Persian and Iranian Studies in the United States
in Honor of Professor Heshmat Moayyad
A Two-day Conference, 8th – 9th March 2019
The Franke Institute for the Humanities
First Floor, Regenstein Library, University of Chicago
1100 East 57th Street
Chicago, Illinois 60637 | 773-702-8274
Heshmatollah Moayyad Sanandaji (1927-2018) was born in a Baha’i household in Hamadan, Iran, in 1927, moved with his family to Tehran during the reign of Reza Shah, received his B.A. in Persian and Arabic from the University of Tehran after the Second World War, and went to Germany to pursue his studies, obtaining a doctorate from J.W. von Goethe University of Frankfurt in 1958. After teaching at the Istituto Orientale di Napoli, and at Harvard University, he came to the University of Chicago in 1966, where he taught for over forty years, until his retirement in 2010.
Professor Moayyad’s early research focused on manuscripts of Sufi hagiographical texts and collections of medieval letters, for which he produced with expert philological acumen the first modern critical editions. He also wrote and taught extensively about Persian poetry, from the earliest period to the present, contributing regularly to the Encyclopaedia Iranica, Iran Nameh, and Iran Shenasi. He also maintained a keen interest in Iran’s modern literature, translating novels, poetry and short stories from Persian into German and English. In both his teaching and his research, he drew attention to the contribution of women to the literature of Iran, leading inter alia, to an edition of the Persian poems, as well as an English translation, of Parvin Eʽtesâmi. He maintained an extensive correspondence with writers, scholars, and intellectuals, and helped facilitate the visit of many renowned figurers in the field to the University of Chicago. In the 1980s he established a monthly Persian poetry night (shab-e sheʽr) and a weekly Persian Circle for the benefit of both students at the university and the growing Iranian diaspora community in Chicago. As persecution of his fellow Baha’is increased in Iran, he turned his scholarly attentions increasingly to publishing collections of letters and other works of prominent Persophone Baha’is, as well as biographical works about prominent Baha’is he had known, some of them documented in his travelogue from the 1940s, published near the end of his life.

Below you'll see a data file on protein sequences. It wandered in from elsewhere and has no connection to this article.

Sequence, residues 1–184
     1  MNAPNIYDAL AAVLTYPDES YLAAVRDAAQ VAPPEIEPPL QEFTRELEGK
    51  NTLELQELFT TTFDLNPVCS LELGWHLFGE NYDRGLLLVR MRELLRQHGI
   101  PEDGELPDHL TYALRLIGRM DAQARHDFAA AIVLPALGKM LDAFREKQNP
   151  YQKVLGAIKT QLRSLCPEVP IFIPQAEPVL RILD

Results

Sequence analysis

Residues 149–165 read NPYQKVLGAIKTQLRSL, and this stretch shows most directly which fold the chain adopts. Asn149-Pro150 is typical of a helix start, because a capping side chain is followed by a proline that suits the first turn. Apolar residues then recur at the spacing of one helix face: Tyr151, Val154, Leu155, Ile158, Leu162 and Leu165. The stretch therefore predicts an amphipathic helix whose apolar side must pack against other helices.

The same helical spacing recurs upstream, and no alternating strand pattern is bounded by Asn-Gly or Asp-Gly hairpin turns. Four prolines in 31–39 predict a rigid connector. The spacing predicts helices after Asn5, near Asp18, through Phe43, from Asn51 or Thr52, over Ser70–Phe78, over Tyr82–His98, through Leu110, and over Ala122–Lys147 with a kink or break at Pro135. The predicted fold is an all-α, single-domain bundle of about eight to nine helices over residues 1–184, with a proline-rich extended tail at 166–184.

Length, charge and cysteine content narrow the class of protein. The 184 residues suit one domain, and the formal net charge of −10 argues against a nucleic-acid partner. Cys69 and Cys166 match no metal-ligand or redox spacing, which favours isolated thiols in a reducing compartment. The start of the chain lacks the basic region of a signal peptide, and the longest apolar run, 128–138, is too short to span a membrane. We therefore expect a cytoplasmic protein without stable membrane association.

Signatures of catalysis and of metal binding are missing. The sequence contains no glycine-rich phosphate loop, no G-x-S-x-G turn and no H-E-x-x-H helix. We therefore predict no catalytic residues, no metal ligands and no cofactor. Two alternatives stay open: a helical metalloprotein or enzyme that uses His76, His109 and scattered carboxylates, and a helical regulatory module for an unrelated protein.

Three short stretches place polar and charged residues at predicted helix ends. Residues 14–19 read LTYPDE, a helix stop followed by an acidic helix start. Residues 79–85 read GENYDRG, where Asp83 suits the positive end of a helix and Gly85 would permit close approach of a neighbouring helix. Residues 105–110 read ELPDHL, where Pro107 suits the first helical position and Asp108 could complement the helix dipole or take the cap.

This two-day Conference of Persian and Iranian Studies Conference in memory of Heshmat Moayyad brings together 16 of his former students or colleagues whose work intersected in various ways with his own. Professor Moayyad was one of the early founders of Iranian Studies in North America, and we come together to celebrate his legacy, remember his gentleness and humor, and discuss many of the topics with which he passionately engaged.
This program was made possible by the generous support of
The American Institute of Iranian Studies,
and the sponsorship of multiple programs at the University of Chicago, including:
The Center for Middle Eastern Studies / The Committee on South Asian Studies The Franke Institute for the Humanities / The Joyce Z. & Jacob Greenberg Center for Jewish Studies / The Persian Circle at the University of Chicago / The Department of Near Eastern Languages & Civilizations